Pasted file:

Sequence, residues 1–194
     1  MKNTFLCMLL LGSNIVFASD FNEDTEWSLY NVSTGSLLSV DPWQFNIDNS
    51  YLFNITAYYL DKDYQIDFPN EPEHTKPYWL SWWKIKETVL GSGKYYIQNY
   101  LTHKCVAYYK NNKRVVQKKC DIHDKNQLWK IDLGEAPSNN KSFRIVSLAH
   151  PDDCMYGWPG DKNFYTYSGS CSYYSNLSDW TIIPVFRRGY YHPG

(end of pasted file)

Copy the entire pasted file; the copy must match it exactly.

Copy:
Sequence, residues 1–194
     1  MKNTFLCMLL LGSNIVFASD FNEDTEWSLY NVSTGSLLSV DPWQFNIDNS
    51  YLFNITAYYL DKDYQIDFPN EPEHTKPYWL SWWKIKETVL GSGKYYIQNY
   101  LTHKCVAYYK NNKRVVQKKC DIHDKNQLWK IDLGEAPSNN KSFRIVSLAH
   151  PDDCMYGWPG DKNFYTYSGS CSYYSNLSDW TIIPVFRRGY YHPG